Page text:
With the advent of the “artificial intelligence age”, developing economies risk falling behind

With the advent of the "artificial intelligence age", developing economies risk falling behind

Artificial intelligence is expected to be a multi-trillion-dollar business by 2030, but unless reforms are done, poorer economies risk falling behind.

With the advent of the “artificial intelligence age”, developing economies risk falling behind

If current trends continue, much of the new wealth will be controlled and owned by Chinese and American firms and individuals, as well as the national governments that represent them.

Artificial intelligence (AI) is expected to contribute USD 15.7 trillion to the global economy by 2030.

However, great countries’ technological dominance undercuts AI’s good potential for the bulk of the world’s population, particularly in developing economies.

The two countries possess roughly 90 percent of the market capitalization of the world’s 70 largest digital platforms, controlling a large proportion of cross-border data flows.

Over the last five years, the United States and China have accounted for more than 94 percent of AI startup financing and half of the world’s hyperscale data.

Along with their allies, the nations that own and control AI platforms and the data that powers them stand to dominate the global economy for decades to come.

Experts in the field are also mostly from developed economies. They enjoy a disproportionate representation in the industry bodies that develop the standards and technical protocols that shape the international regulations for AI, often at the expense of the differing needs of developing economies.

Over 160 sets of AI ethics and governance frameworks have so far been developed by policymakers, think tanks, and activists. Still, there are no platforms to coordinate these initiatives, or measures to ensure national governments align AI regulations and norms across international boundaries.

The growing divide has implications for developing economies marginalized by the emerging AI sector. Establishing a global database to track and monitor emerging AI legislation and regulations will capture and compare approaches and debates, particularly from developing economies.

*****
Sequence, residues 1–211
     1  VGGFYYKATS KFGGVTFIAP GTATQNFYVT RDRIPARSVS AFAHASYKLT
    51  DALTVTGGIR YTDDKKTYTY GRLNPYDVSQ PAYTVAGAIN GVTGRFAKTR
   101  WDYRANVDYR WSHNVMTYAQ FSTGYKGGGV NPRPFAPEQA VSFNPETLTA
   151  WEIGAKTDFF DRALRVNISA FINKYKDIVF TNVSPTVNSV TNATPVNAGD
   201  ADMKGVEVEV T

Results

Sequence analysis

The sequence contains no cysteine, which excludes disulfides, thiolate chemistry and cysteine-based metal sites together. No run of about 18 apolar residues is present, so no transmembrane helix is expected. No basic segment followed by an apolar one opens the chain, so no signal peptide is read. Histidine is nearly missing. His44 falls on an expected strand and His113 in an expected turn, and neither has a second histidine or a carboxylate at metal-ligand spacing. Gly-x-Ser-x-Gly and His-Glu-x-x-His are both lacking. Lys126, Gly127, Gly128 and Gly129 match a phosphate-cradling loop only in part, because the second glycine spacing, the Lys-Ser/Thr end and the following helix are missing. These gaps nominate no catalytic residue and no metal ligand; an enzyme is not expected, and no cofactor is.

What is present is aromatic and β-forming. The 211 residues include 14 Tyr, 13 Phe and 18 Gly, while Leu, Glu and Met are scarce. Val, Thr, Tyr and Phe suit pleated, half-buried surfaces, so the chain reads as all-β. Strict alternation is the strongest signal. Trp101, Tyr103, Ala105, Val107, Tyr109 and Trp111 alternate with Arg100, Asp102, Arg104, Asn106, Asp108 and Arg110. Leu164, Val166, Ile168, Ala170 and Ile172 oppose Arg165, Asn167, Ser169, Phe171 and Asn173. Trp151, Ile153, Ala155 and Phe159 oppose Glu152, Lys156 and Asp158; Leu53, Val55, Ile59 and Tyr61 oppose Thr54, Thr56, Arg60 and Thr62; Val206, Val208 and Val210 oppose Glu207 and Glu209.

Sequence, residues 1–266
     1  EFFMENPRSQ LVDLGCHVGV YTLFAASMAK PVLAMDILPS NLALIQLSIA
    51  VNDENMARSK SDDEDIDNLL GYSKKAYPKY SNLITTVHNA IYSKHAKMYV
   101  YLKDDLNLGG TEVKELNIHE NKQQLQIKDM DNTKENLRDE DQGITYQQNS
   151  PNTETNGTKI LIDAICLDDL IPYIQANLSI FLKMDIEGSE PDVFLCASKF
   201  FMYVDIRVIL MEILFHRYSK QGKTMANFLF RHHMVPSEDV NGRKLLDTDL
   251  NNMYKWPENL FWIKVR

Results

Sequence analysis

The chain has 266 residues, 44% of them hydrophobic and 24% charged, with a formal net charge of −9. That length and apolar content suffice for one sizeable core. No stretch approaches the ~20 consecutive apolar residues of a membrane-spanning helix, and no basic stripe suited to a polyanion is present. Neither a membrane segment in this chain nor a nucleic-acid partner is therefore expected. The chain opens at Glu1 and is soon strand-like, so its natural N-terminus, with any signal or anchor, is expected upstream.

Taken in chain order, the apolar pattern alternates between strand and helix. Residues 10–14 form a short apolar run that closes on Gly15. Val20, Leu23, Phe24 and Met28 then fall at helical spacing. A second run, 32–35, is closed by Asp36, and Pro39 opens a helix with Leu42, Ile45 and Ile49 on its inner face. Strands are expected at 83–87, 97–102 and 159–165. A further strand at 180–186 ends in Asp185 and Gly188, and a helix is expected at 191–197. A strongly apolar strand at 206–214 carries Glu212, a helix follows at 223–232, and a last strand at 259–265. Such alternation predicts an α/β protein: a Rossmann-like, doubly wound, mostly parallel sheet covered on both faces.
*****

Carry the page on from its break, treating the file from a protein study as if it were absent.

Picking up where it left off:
The OECD’s Artificial Intelligence Policy Observatory, a platform for policy discussions on AI, is a promising start but it can be built upon. A recently released report from a working group convened by the Paris Peace Forum says an open, international dialogue on equitable AI governance could help set up global regulations.

For example, it would be sensible for governments in developing economies to ensure corporate accountability when they procure AI-based services. Compulsory social impact assessment risk analysis for any AI services offered by foreign corporations is one solution. Such approaches, including mandatory source code disclosures, can motivate compliance with domestic laws and protect rights while discouraging market abuses. When source code is accessible to the public – and particularly to vigilant developers – platform owners are less likely to support designs that permit or profit from illegal activities.

This dialogue aspires toward a set of universal AI principles developed by a transparent, informed, and widely-recognized international process. They could serve as a reference point for policies and legislation across national contexts and eventually translate into enforceable standards. These would consider human rights and equal opportunities relevant to the needs of developing economies. And address rapidly-increasing socioeconomic inequality, meeting the challenges of sustainable development while achieving robust economic growth, and dismantling the enduring structures of colonialism.

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